When I wrote the status update which I published on May 3, I had no idea it would be the first installment in a short series. I don’t recall what prompted it. I only know that, over the course of a week, I published five status updates, all of which conformed to the same pattern.

That is, in each of them, I reflected on the ways my life had been affected by the qualities and characteristics of the major Christian traditions with which I had identified over the years. Instead of saying more about that series of posts, I’ll simply share them with you again, as they appeared on my Facebook wall from May 3 to May 10, 2012.

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A Farewell To Anglicanism

Most of the readers of this blog are not Anglicans and do not come from a liturgical or Prayer Book tradition. Rather, they identify with the Free Church tradition in American Christianity, represented by denominations such as Baptists and Mennonites, quasi-denominational networks such as the Vineyard churches, and multitudes of congregations which classify themselves as independent or non-denominational. I grew up in that tradition but, as I have noted countless times in these blog posts, about ten years ago my wife and I began to be drawn toward a more liturgical form of public worship. That led, in time, to our confirmation as Anglicans and, in the spring of 2011, to my ordination as an Anglican priest.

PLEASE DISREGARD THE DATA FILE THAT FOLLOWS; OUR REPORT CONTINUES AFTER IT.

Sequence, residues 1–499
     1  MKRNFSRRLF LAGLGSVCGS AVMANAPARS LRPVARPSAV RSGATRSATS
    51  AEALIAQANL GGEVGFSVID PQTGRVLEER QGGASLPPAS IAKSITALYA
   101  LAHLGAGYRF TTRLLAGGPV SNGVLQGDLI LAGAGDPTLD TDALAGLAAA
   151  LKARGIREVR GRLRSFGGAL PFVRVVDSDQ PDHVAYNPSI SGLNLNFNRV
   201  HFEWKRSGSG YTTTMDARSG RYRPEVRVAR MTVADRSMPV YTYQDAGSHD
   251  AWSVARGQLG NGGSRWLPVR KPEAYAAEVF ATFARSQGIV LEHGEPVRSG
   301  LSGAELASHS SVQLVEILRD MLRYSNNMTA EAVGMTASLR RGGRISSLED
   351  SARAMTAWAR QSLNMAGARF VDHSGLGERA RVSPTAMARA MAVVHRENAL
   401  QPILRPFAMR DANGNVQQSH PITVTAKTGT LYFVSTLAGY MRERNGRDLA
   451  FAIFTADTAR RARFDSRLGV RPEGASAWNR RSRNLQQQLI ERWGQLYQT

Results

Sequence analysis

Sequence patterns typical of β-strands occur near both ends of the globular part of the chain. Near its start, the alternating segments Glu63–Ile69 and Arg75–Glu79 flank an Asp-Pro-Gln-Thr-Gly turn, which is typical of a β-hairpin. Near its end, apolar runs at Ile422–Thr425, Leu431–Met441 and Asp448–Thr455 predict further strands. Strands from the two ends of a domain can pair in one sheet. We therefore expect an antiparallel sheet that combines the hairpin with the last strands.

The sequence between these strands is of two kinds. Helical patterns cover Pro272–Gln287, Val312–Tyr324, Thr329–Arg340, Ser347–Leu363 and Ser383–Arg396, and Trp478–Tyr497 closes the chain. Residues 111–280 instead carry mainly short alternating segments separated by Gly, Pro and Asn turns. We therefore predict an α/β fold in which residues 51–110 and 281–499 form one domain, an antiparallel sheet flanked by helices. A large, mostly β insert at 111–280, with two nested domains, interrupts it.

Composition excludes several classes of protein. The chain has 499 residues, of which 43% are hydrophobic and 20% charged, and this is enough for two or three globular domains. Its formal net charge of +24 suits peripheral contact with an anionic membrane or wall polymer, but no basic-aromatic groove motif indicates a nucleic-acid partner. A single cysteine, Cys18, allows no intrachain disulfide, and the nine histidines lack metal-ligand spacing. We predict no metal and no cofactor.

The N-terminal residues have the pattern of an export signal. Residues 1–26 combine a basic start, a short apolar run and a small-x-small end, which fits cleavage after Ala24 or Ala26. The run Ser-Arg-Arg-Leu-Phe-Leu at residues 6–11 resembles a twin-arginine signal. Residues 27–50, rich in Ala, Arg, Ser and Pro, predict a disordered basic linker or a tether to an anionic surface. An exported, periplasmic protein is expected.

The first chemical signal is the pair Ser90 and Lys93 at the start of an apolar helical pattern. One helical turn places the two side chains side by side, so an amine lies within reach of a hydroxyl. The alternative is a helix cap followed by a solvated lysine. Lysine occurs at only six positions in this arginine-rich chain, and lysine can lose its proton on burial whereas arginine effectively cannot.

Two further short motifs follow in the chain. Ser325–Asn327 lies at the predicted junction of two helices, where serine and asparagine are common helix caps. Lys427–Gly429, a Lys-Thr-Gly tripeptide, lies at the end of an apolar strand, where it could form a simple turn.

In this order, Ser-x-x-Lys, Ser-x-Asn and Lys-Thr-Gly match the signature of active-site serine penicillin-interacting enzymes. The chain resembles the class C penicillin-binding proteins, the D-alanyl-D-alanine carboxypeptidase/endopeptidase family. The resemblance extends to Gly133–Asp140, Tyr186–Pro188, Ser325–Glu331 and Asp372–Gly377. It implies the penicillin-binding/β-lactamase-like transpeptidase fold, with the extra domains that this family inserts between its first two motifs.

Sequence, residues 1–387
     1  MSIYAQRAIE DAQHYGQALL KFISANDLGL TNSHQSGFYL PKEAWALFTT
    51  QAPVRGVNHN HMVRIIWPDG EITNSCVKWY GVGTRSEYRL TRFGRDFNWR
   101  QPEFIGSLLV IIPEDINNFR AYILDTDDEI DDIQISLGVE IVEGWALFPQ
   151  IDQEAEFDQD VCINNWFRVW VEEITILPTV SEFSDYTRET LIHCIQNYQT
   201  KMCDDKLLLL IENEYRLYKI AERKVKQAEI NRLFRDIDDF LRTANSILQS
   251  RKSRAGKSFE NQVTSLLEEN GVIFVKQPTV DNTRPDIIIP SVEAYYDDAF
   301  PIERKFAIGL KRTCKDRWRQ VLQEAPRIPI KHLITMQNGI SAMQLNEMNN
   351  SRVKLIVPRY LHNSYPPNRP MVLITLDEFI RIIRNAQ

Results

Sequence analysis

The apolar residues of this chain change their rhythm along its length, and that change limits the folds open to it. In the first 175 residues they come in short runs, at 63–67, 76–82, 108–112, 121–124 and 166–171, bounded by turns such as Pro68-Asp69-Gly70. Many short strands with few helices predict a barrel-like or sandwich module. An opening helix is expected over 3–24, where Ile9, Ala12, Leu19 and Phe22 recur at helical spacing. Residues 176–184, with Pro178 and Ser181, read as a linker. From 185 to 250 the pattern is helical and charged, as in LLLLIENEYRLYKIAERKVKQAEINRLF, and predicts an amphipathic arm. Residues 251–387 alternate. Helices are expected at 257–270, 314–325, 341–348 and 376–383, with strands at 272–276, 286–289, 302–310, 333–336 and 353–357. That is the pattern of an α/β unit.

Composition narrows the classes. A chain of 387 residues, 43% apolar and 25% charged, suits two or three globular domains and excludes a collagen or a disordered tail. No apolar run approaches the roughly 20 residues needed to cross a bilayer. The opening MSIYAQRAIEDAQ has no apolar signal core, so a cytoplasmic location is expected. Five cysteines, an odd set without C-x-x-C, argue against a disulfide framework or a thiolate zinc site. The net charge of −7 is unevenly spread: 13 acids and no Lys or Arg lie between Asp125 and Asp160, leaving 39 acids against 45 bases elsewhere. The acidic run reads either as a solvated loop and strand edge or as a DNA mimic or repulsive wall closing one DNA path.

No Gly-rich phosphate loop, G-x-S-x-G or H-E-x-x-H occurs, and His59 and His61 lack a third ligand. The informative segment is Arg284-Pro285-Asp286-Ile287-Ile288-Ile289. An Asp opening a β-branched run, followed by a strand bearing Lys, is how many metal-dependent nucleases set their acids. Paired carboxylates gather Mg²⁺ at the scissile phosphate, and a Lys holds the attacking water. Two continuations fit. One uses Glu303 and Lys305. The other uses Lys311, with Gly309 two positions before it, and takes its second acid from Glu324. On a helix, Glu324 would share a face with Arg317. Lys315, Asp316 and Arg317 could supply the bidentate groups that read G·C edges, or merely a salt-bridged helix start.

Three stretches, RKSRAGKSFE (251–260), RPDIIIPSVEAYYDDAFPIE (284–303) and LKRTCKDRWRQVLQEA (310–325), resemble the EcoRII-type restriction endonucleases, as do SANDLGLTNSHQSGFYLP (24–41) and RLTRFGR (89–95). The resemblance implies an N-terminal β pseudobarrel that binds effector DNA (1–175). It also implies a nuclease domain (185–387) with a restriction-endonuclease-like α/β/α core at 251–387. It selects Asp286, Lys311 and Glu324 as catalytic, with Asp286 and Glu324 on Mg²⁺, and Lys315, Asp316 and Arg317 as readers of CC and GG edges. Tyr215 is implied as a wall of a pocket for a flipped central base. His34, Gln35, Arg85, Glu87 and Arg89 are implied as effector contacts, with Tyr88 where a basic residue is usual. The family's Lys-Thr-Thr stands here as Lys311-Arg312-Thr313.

As I reported in a post on November 9, my credentials as a priest have recently been de-activated by my request, I have been released from both the privileges and responsibilities conferred upon me by my Bishop when I was ordained a priest, and I am no longer authorized to carry out sacramental ministries (such as celebration of the Eucharist) in congregations associated with the Anglican Church in North America.

A few of my readers have asked me to say a bit more about that matter, including what led me to request “laicization” only eighteen months after ordination, and what all of this means for my future ministry. I have decided to use this post (which is far longer than usual) to address some of these issues, and then I intend to move in an altogether different direction in future posts.